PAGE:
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Mars tests TV ads with neuro tools

News, 31 March 2017

NEW YORK: Mars Inc., the international food group, has funded a new piece of research to help determine the most effective consumer-engagement drivers in television advertising.

The study, What Makes a Television Commercial Sell? Using Biometrics to Identify Successful Ads: A Demonstration of Neuromeasures' Potential on 100 Mars Brand Ads with Single-Source Data, appears as part of a special "What We Know About Television in Advertising Now" section in the latest issue of the Journal of Advertising Research (JAR).

The study sought to identify evidence-based measures to inspire improved advertising practice and explore the factors behind advertising effectiveness.

More specifically, researchers from both the marketing industry and academia examined a dataset of over 100 ads for 20 brands owned by Mars Inc., and conducted lab-based tests with a sample topping 1,000 participants.

The paper's authors were Steven Bellman, Magda Nenycz-Thiel, Rachel Kennedy and Bruce McColl (all from the University of South Australia's Ehrenberg-Bass Institute for Marketing Science), as well as Laurent Larguinat from Mars, Inc., and Duane Varan from MediaScience.

They summarised the task facing brand custodians as follows: "Advertisers should strive to know in advance how any advertisement is supposed to work and match validated neuromeasures with that outcome."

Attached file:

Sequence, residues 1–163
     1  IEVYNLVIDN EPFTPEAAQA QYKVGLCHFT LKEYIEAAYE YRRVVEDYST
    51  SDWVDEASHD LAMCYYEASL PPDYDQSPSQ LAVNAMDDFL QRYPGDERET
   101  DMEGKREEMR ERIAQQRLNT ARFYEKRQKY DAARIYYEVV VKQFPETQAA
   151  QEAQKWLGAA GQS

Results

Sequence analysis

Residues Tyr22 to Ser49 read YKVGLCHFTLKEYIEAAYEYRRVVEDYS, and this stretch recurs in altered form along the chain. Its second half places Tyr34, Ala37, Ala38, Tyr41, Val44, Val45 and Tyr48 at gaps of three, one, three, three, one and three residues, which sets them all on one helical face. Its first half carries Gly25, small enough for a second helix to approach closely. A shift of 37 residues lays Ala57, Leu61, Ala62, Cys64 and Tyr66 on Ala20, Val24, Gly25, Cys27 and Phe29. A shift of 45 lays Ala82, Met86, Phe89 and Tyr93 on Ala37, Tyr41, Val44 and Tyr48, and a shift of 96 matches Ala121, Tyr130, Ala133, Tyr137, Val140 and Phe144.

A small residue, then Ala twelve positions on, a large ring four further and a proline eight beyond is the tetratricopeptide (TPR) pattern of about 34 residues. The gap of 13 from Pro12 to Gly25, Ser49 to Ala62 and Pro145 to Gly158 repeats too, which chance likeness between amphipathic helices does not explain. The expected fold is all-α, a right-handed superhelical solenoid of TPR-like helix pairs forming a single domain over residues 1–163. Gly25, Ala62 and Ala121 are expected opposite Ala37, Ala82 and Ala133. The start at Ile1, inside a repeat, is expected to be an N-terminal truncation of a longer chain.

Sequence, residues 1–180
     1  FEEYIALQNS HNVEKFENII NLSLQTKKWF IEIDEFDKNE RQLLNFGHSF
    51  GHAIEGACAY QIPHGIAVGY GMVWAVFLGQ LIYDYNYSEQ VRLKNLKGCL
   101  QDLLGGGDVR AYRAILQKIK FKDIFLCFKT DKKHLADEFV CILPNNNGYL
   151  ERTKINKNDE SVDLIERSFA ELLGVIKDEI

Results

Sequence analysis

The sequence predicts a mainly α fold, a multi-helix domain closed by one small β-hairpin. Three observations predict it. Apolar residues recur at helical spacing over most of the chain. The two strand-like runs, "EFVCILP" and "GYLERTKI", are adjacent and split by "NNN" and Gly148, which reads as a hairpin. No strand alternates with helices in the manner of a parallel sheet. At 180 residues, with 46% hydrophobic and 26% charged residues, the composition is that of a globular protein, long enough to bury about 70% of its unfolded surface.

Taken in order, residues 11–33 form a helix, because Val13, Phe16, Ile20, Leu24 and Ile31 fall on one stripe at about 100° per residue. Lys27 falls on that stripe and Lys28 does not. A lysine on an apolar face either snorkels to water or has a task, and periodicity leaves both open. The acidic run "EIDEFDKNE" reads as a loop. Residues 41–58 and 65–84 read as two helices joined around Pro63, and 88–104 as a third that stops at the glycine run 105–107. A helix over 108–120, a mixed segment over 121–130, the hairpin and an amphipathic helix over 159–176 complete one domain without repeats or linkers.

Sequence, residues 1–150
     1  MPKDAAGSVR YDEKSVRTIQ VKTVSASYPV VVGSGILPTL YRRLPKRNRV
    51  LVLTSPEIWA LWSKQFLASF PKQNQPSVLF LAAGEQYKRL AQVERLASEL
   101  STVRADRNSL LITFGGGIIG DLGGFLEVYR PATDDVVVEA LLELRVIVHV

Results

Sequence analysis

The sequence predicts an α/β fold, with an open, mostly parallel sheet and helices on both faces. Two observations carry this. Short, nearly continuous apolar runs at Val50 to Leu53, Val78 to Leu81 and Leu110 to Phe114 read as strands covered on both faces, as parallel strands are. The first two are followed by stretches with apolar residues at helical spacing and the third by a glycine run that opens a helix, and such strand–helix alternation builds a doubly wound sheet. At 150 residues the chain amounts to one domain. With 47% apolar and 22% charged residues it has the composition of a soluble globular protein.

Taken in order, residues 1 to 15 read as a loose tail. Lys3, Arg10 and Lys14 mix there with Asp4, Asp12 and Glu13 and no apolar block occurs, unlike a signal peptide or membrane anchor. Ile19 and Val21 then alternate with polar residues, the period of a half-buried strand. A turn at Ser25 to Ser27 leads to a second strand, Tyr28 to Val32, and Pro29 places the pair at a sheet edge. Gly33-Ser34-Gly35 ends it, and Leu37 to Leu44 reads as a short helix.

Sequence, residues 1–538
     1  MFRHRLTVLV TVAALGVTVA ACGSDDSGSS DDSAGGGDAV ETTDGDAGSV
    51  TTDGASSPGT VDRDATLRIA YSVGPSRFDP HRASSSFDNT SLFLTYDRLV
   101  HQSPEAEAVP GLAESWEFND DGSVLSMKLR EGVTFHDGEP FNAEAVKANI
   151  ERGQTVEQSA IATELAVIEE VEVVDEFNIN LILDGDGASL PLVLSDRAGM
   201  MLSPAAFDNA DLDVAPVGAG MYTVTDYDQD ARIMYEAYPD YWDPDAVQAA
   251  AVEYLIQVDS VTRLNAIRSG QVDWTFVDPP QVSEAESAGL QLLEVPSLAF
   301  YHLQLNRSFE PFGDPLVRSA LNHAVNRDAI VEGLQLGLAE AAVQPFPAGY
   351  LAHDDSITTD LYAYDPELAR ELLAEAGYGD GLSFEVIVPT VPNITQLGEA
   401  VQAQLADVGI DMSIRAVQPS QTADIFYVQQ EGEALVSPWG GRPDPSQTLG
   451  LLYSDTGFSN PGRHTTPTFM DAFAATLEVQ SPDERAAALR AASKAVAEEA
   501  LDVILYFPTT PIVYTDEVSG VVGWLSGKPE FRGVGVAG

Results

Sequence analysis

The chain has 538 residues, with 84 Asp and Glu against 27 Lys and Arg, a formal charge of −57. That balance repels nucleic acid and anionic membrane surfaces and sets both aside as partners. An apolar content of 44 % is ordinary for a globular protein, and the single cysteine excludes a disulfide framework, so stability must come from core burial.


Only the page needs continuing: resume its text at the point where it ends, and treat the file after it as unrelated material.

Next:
The Mars-sponsored study examined the effectiveness of skin conductance, IBI (the time between heartbeats in milliseconds), and facial expression detection (more specifically, smiling). And, from one tool to the next, the results offered a variety of consumer insights.

Even as a variety of new biometric tools become available to researchers, however, the selection of a specific instrument will be dictated by the circumstances and the specific marketing challenge.

As the authors write: "No single neuromeasure seems capable of identifying in-market success ... Marketers must select measures that match the intended response from the audience of that advertisement (e.g., laughter or being emotionally moved)."

Data sourced from Journal of Advertising Research; additional content by WARC staff